The feeling is that the analytics industry is where the IT industry was 10-15 years ago: Those who wish to stay ahead must protect their market share or watch it get eaten up by the big dollars of large consulting firms.
There are more than 200 analytics providers in India today; there were 60 when Fractal surveyed the market in 2007. Despite the growing numbers, the consensus is that the potential of this business is so high that dogfights over individual clients are not necessary: The real challenge is growing the industry from $4 million to $10 million in India.
With far higher revenues, Mu Sigma (over Rs 600 crore) is the clear market leader but second-placed Fractal claims to be growing faster. Other prominent players are Delhi-based AbsolutData, LatentView Analytics of Chennai and Analytics Quotient from Bangalore.
Fractal, like competitor Mu Sigma, has capitalised on a knowledge gap, says Wadhera. “Mu Sigma is a very good company,” he adds. However, no one has more consumer product companies as clients than Fractal, Wadhera says. Because they essentially trade in insights and privileged knowledge, Fractal, TA Associates and their clients are understandably guarded about exactly how analytics are put to use.
Ramki Sreenivasan, former CEO of analytics firm Marketics, says both Mu Sigma and Fractal are pioneers in the space—and their biggest hurdle is non-consumption. The amount of data being generated far outpaces the extent to which it is being utilised by companies.
“Companies might be data-rich but they are insight-poor,” he says. Analytics helps convert data to insight if coupled with smart domain knowledge. Scaling up for the industry will mean assessing which large companies are receptive to data analytics and targeting them.
In Marketics, this would be referred to as ‘analytics maturity’—a critical parameter to evaluate client readiness for analytics. Output is measured by how much value you can create for the client and how fast. “Data has shelf-life,” says Sreenivasan. “Six-month-old data doesn’t matter when retailer stocks are going to run out tomorrow. You need stock levels now.”
A Journey To Remember
Velamakanni remembers well the day Fractal got going: Five IIM-A graduates met on January 2, 2000, in his one-bedroom apartment in Takshshila, in Andheri East, a northern Mumbai suburb, with an open playground as a conference room.
Each founder brought Rs 2 lakh to the table. The original plan was to create a dotcom to support online purchases, but in six to eight months they figured it wasn’t going anywhere. For the first year, they didn’t draw a salary; they raised $600,000 from angel investor Gulu Mirchandani of MIRC Electronics who still owns a large stake.
The next round of capital infusion only happened in 2013, with employees and founders still owning over 40 percent. “When we started, we wanted to help consumers make better decisions. Then we decided to help companies,” says Agrawal.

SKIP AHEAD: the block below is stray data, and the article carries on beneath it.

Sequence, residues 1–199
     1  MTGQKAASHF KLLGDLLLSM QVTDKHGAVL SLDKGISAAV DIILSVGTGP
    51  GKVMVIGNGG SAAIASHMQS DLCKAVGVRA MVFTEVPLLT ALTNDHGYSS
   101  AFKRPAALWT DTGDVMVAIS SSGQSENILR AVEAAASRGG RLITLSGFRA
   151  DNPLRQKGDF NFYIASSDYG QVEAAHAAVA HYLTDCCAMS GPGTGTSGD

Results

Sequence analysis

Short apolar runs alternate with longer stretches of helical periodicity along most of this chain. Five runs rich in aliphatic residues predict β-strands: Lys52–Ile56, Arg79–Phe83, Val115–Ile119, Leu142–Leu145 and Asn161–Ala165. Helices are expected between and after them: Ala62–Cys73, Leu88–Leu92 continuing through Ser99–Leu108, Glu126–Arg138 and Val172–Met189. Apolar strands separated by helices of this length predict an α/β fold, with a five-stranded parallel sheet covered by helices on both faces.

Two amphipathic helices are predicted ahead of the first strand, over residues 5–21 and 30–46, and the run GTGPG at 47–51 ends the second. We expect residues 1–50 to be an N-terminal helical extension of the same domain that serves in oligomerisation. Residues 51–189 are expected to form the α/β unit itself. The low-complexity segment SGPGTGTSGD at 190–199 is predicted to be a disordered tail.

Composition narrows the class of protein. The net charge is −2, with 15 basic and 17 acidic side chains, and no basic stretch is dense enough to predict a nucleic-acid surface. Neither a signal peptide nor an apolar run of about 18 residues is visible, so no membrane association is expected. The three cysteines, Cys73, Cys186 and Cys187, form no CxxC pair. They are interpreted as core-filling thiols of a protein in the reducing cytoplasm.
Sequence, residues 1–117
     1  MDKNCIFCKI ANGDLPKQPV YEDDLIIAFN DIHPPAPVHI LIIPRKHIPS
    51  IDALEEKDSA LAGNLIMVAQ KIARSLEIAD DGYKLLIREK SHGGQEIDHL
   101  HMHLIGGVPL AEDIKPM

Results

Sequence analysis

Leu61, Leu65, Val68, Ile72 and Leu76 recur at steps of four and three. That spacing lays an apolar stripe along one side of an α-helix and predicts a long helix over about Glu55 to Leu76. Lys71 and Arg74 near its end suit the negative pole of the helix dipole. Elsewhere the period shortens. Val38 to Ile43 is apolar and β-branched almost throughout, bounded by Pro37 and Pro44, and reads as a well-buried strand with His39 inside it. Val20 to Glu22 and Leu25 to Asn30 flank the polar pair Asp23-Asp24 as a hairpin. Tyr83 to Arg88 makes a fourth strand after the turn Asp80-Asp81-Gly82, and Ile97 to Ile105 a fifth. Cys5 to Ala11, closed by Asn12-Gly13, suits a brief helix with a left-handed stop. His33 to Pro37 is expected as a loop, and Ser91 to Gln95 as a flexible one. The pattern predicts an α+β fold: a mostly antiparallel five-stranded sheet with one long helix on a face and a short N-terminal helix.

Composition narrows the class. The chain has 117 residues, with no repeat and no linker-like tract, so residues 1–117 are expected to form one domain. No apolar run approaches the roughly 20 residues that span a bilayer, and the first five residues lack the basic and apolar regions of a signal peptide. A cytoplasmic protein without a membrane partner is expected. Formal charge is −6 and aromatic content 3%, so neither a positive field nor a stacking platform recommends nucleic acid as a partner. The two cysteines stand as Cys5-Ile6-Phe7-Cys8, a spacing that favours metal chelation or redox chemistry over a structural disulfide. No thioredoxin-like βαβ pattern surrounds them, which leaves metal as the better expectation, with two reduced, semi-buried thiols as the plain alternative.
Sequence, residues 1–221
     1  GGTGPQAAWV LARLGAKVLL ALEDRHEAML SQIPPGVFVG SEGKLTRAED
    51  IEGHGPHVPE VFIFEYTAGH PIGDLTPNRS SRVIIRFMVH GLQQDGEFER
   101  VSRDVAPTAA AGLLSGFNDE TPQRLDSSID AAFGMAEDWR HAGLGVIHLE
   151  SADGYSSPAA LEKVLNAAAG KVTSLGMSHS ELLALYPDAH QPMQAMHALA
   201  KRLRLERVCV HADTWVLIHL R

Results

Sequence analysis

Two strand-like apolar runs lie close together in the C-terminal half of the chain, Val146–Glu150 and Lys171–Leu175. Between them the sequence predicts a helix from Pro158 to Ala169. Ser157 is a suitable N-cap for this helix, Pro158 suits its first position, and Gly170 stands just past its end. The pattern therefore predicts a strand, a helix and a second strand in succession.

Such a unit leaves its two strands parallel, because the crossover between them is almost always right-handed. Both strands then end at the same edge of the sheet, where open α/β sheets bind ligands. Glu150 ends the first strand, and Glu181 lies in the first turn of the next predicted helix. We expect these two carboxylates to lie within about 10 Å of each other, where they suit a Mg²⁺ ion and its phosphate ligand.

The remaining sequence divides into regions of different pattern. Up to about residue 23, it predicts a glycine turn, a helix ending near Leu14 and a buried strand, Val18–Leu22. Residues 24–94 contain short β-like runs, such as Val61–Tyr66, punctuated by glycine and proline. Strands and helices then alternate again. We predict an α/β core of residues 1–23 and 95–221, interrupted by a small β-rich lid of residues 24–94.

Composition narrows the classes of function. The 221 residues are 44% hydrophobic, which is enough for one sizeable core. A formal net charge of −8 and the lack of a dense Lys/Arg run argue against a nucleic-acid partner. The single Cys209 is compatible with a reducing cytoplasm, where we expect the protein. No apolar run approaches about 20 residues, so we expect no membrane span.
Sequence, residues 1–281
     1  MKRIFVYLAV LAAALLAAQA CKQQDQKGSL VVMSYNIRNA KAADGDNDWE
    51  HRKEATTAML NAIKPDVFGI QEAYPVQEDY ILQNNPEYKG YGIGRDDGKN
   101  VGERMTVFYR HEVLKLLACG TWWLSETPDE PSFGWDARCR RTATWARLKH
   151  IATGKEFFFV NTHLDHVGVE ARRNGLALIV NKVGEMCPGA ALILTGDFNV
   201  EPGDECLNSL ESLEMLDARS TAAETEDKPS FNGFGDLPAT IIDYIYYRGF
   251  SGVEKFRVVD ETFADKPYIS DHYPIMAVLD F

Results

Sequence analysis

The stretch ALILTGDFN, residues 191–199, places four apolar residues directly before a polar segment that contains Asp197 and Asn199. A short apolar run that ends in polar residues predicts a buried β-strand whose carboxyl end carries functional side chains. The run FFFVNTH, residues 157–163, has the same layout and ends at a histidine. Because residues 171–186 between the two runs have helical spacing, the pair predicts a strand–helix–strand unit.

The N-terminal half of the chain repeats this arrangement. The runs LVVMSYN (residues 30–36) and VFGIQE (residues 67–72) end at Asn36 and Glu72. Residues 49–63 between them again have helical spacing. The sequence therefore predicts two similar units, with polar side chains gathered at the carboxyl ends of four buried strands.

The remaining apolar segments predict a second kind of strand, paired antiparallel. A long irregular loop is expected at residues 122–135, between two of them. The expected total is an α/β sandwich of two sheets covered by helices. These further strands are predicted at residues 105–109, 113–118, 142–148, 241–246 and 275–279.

The journey wasn’t easy. It took them till 2005 to become a $1 million company. By the end of 2007, eight years into business, Fractal was just 100 people and $4 million in revenues—modest by most measures. That year, two of the five founders, RK Reddy and Pradeep Suryanarayan, left the company on bad terms after an election to make Velamakanni CEO didn’t go down well with the partners. The split was well publicised in the media much to the exasperation of the remaining founders. Fractal lost 25 percent of its team and 25 percent of its revenues; when General Motors went under, Fractal lost 10 percent of its billings in one shot.
But then things changed. Revenues are up 3x from 2011. “Revenues grew by 35 percent in 2009-10, 45 percent in 2010-11, 55 percent in 2011-12 and 70 percent in 2012-13. Fractal is growing at 80 percent today,” says Velamakanni. He says Fractal has been profitable every year apart from 2009 and Ebidta (earnings before interest, taxes, depreciation and amortisation) levels are at roughly 20 percent currently. The company has 650 people and is hiring aggressively. Though Nirmal Palaparthi, the fifth co-founder, left on amicable terms last year, the turnaround has been remarkable.
What changed? Assisted by the resurgence of the US economy, strong Fortune 500 balance-sheets and the emergence of big data analytics, Velamakanni and Agrawal moved to New York and Fractal shifted focus from smaller Indian assignments to bigger ticket American/global clients. Of and by the people
“I’ve been friends with Pranay longer than I have known my wife,” says Velamakanni; they were both recruited by ICICI Bank during campus placements, and worked on the first CDOs (collateralised debt obligation) in India in 1999. Of the pair, Velamakanni talks faster and rattles off numbers and figures whereas Agrawal has a more measured way of speaking and tends to give a macro perspective. In that sense, they complement each other well.
A young family in New York means that Agrawal, whose official title is executive vice president, spends far less time in India than his co-founder. He works closely with TA Associates and leverages their 40-plus years of experience in the US markets to deepen ties with existing clients and acquire new ones.
There are plans to double the team to 1,200 people this year and grow to 5,000 in the next three to four. Acquiring and retaining talent will be one of the biggest challenges as financial services and IT and consulting giants look to attract the best. Velamakanni says the free meals, childcare services, transport facilities and employee stock options Fractal provides has helped keep attrition at 14 percent, down from 16 percent two years ago.
It was a ‘people’ issue that caused the founding team to unravel in 2007. Each member was running a piece of the business independently, but investors and the board wanted a more formal structure. Velamakanni, who was elected CEO in 2006, says the split happened for two reasons: First, the others didn’t agree with the nature of the new system; second—the real cause, according to him—they were all too geographically separated with two in Singapore, one in Mumbai and two in New York. “Where you stand is a function of where you sit,” he says.
If their revenues are anything to go by, the company has grown stronger after the split. Agrawal summarises why: First, a formal structure fell into place and the business changed from partnership to corporation, and from that emerged speed in action and clarity of leadership; second, they started inducting senior talent from the industry and third, they had been spending energy serving only domestic clients and now got more focussed internationally.
In 2007, the team had spent five days rebuilding the company values during an off-site immediately after the split. Of the 20 senior management team members who got together, 17 are still around. Perhaps the people have spoken.
(This story appears in the 15 November, 2013 issue of Forbes India. You can buy our tablet version from Magzter.com. To visit our Archives, click here.)